From I-93 N or S:Take the Storrow Drive exit. Continue 1-2 minutes on Storrow and exit at Copley. Go left at the light, onto Arlington Street. Continue approximatley five blocks until Columbus Avenue. Go right onto Columbus Avenue for approximately eight blocks. Lucy Parsons Center will be on your right. If you reach Mass Ave, you've gone one block too far.
+++ What are we?
The Lucy Parsons Center, Boston's collectively run radical bookstore features an extensive selection of radical books and magazines, internet access, space for talks and meetings, and free movies Wednesday nights. Located at 549 Columbus Avenue in the South End the store is just down from Mass Ave and easily reached from the Mass Ave and Symphony T stations and the #1 bus. Regular store hours Mon-Fri 12-9pm Weekends 12-6.
Volunteering at LPC isn't just about donating your labor. All of the Lucy Parsons Center volunteers contribute to all aspects of running the store and can take part in all decisions in how it's run. If you know anything about grant writing, web design, or any other skills you think would be useful, or if you just want to be part of this great radical project, please email Pete at petestid (at) yahoo.com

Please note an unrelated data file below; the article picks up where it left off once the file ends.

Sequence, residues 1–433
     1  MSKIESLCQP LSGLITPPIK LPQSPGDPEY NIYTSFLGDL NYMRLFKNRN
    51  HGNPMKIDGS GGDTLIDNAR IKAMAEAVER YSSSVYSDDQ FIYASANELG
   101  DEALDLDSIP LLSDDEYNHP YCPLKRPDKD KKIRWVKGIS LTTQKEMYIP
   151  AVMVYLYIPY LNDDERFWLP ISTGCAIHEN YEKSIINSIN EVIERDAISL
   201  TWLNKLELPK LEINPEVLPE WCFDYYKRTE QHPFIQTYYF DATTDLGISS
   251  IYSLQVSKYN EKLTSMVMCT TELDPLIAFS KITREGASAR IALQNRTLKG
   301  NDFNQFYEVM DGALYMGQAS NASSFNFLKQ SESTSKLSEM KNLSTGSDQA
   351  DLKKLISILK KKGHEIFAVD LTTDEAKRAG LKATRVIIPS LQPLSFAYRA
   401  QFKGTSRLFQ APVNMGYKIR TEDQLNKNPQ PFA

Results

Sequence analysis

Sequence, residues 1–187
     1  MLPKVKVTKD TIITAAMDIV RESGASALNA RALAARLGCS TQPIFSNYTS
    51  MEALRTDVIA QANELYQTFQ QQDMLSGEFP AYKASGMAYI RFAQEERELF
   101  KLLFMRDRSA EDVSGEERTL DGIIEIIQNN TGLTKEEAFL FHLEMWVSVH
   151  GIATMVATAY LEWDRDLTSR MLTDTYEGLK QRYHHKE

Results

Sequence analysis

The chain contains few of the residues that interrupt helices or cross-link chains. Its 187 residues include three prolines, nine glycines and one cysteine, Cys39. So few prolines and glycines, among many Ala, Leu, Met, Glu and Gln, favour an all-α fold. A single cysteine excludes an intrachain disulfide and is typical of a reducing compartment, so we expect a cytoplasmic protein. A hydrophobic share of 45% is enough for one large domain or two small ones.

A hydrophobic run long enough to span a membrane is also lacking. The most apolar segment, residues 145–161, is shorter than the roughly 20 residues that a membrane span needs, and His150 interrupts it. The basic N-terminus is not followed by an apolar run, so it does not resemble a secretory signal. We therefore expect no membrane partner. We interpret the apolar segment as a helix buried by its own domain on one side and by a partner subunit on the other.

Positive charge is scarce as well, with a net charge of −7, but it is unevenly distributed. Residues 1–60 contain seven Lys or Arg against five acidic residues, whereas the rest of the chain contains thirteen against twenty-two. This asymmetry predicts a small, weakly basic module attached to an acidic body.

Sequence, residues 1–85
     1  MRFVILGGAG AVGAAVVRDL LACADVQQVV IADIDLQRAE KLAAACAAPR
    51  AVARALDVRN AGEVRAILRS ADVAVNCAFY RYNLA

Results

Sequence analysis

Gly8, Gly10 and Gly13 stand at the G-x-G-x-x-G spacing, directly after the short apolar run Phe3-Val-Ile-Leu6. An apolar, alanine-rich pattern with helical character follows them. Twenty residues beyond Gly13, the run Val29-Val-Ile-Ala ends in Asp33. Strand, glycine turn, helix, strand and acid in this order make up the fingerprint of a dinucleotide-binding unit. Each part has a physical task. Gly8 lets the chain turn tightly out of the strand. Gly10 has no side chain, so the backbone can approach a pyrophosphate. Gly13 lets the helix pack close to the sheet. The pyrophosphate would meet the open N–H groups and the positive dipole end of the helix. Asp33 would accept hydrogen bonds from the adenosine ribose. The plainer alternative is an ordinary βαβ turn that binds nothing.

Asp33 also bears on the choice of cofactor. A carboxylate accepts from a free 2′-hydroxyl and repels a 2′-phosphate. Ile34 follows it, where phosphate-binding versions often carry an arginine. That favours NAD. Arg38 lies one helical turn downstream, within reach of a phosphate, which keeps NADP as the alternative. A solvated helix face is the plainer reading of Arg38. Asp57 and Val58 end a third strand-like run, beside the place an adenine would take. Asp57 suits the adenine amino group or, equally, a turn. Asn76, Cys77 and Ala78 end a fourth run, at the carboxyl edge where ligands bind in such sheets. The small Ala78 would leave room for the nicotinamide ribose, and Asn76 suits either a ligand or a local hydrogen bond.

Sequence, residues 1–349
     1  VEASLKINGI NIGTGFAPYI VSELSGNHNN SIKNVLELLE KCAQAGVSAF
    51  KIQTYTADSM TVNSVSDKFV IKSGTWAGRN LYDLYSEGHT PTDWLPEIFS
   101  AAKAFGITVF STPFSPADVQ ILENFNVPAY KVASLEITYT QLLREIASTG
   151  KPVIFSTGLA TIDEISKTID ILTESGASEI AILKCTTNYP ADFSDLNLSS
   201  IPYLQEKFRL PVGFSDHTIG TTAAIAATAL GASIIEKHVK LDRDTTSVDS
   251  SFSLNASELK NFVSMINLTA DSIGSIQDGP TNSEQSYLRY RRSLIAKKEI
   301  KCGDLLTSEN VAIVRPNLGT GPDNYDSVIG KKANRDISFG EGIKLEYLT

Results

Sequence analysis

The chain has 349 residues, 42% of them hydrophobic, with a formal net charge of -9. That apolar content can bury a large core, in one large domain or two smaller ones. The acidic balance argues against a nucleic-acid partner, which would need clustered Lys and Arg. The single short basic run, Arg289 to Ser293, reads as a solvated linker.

+++ Use our space for radical stuff
One of the most important aspects of the Lucy Parsons Center is providing a community meeting place for radical activities. If you want to host an event, please send an email to Rebecca at rebeccabatchelder (at) yahoo.com. Make sure to give enough notice so that we can approve the event at our bimonthly meetings.
If you have a group that needs a space to have regular meetings, just come to the bookstore and fill out a space request form. Again, make sure to allow time for approval by the collective.
+++ Donate MONEY!
We need support to help ensure the Lucy Parsons Center continues to grow and be an important resource for the community. Donations can be made in the form of cash, check or credit cards. Please call the store for more info. If you don't have a lot, don't worry, even donating the change of your purchase can make a difference.
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This work is in the public domain